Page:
BlogKick: Torres Fights Smart to Las Vegas BoosPosted on February 6, 2011, 11:16 AM by codemaster
From the start of the fight between Miguel Torres and Antonio Banuelos, Torres used superior boxing skills and reach advantage to pick apart his opponent. The CompuStrike numbers tell the tale: 87 of 205 strikes found their mark for Miguel, while Antonio only managed 17 of 124 attempted strikes.
The drunken Las Vegas crowd of high-rollers who could afford tickets for this event were not impressed, and booed throughout this exhibition of standup dominance. Banuelos seemed content to stay outside, waiting for Torres to bring the fight into his range, until in the final minute of the 3 round fight, when he suddenly realized that he was going to lose--he then made some belated efforts to bring the fight to Torres.
Throughout the fight, Torres was aggressive, and landing his jab and straight right at will. To Banuelos' credit, he withstood a constant barrage of strikes and showed his toughness. During the fight, Joe Rogan, perhaps influenced by the fickle crowd, criticized Torres' performance, not on technical merit, but upon entertainment value.
The crowd wanted a Leonard Garcia style fight, standing and banging, with no gameplan, no tactics--no art.
The former WEC BW champ with a string of 17 consecutive victories had Brian Bowles hurt in August 2009, and it seemed the fight was his. He moved in for the kill and received a devastating counter which knocked him out in the 1st round.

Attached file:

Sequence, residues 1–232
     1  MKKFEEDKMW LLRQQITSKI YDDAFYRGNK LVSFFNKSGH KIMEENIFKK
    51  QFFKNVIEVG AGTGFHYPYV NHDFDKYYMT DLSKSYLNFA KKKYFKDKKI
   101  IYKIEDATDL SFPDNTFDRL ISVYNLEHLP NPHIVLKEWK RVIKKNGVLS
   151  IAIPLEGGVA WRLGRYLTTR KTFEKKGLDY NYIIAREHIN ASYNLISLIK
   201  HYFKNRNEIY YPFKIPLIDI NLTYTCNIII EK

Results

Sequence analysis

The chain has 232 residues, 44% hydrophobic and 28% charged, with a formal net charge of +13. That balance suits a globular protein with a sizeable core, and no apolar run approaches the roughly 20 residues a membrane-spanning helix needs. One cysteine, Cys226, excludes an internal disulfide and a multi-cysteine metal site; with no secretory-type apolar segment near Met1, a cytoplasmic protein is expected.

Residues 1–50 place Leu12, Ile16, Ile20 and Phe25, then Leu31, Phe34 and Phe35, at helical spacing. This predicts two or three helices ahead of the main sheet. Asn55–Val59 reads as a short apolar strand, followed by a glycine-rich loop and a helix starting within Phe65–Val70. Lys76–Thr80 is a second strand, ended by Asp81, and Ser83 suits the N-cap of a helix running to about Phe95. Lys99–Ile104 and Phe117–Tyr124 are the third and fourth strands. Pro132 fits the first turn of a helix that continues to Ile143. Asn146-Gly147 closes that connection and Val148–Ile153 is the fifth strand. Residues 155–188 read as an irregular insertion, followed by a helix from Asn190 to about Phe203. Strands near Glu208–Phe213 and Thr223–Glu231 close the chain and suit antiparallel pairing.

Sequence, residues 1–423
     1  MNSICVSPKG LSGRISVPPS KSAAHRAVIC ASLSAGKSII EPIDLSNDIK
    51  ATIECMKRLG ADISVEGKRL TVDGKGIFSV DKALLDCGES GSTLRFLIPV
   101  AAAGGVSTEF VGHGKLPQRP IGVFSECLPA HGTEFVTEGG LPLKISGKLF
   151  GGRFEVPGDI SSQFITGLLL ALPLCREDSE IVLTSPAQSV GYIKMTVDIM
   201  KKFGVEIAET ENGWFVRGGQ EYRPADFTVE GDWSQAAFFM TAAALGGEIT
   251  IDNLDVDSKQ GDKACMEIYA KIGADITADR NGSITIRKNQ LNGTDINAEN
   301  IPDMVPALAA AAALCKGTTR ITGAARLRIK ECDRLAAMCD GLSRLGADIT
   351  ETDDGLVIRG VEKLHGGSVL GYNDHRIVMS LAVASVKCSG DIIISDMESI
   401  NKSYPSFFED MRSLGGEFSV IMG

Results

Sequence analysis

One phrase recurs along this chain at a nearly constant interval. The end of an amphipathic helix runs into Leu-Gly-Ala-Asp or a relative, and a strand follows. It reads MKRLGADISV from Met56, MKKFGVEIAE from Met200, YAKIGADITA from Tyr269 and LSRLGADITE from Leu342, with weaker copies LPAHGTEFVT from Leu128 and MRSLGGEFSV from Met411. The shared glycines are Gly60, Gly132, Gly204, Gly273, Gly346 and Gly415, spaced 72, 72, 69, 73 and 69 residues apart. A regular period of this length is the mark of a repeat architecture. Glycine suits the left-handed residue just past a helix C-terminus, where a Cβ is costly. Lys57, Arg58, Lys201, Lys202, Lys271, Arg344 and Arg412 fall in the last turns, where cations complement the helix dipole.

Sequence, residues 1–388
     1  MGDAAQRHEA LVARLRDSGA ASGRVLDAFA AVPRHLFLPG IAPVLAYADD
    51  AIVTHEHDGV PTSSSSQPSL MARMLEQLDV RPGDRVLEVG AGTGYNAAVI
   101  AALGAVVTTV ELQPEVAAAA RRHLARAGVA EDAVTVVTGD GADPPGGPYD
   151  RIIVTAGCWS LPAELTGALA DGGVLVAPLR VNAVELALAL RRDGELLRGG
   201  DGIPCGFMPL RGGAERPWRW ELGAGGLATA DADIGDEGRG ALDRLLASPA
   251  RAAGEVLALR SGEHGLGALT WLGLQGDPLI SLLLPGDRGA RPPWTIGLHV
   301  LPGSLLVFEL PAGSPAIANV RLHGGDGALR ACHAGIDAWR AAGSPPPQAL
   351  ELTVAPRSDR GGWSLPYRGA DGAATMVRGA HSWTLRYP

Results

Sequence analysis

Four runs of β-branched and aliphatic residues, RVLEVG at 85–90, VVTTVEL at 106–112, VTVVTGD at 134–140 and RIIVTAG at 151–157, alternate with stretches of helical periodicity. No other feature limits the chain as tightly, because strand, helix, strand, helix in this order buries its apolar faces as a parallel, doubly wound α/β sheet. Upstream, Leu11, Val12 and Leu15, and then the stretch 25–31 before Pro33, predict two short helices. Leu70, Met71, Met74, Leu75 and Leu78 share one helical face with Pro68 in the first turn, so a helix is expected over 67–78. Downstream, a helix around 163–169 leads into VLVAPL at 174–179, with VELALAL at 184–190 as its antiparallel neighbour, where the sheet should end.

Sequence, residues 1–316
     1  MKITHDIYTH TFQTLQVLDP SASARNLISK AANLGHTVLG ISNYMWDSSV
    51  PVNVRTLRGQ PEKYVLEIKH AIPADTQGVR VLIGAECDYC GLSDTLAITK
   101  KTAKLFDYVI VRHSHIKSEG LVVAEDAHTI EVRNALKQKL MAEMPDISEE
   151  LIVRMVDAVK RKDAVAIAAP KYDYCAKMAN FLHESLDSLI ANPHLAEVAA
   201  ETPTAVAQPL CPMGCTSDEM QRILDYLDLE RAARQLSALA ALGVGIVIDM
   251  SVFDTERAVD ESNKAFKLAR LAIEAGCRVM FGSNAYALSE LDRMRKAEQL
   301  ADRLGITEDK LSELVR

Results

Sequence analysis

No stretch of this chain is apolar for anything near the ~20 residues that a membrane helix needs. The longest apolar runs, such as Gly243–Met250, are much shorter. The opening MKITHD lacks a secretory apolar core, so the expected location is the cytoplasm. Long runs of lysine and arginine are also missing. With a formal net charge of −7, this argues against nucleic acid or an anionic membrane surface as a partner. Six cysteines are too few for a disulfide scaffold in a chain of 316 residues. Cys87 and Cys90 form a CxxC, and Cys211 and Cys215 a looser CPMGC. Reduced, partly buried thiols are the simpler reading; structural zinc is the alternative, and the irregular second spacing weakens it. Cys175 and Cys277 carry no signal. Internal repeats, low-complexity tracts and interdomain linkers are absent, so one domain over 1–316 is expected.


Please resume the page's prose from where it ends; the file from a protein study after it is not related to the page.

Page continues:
His next fight with Joseph Benavidez also ended badly in the 2nd round, with Torres being submitted by a guillotine choke after more reckless behavior in the octagon. Suddenly the former champ was 2, maybe three losses away from retirement, after such an illustrious career and with unrealized potential. Up until the Brian Bowles fight, he was essentially self-coached, but upon reflection, he realized he needed the help of a professional coach.
He moved to Montreal, and lived in the house of Firaz Zahabi, GSP's top trainer, and began working on fighting smart. There he learned new discipline and how to utilize his strengths and his opponents weaknesses. Torres knew that no matter what some fans might say, even if you lose in an exciting fashion, a loss is a loss, and too many losses would mean an abrupt end for young fighter's career. The BJJ blackbelt understood finally the hard truth of MMA--the name of the game is to win.
The veteran Torres, who finished 32 out of 39 wins realized that once you get to the highest level in MMA, it is more than skill, it is more than heart, it is more than conditioning---at the highest level--a fighter needs intelligence.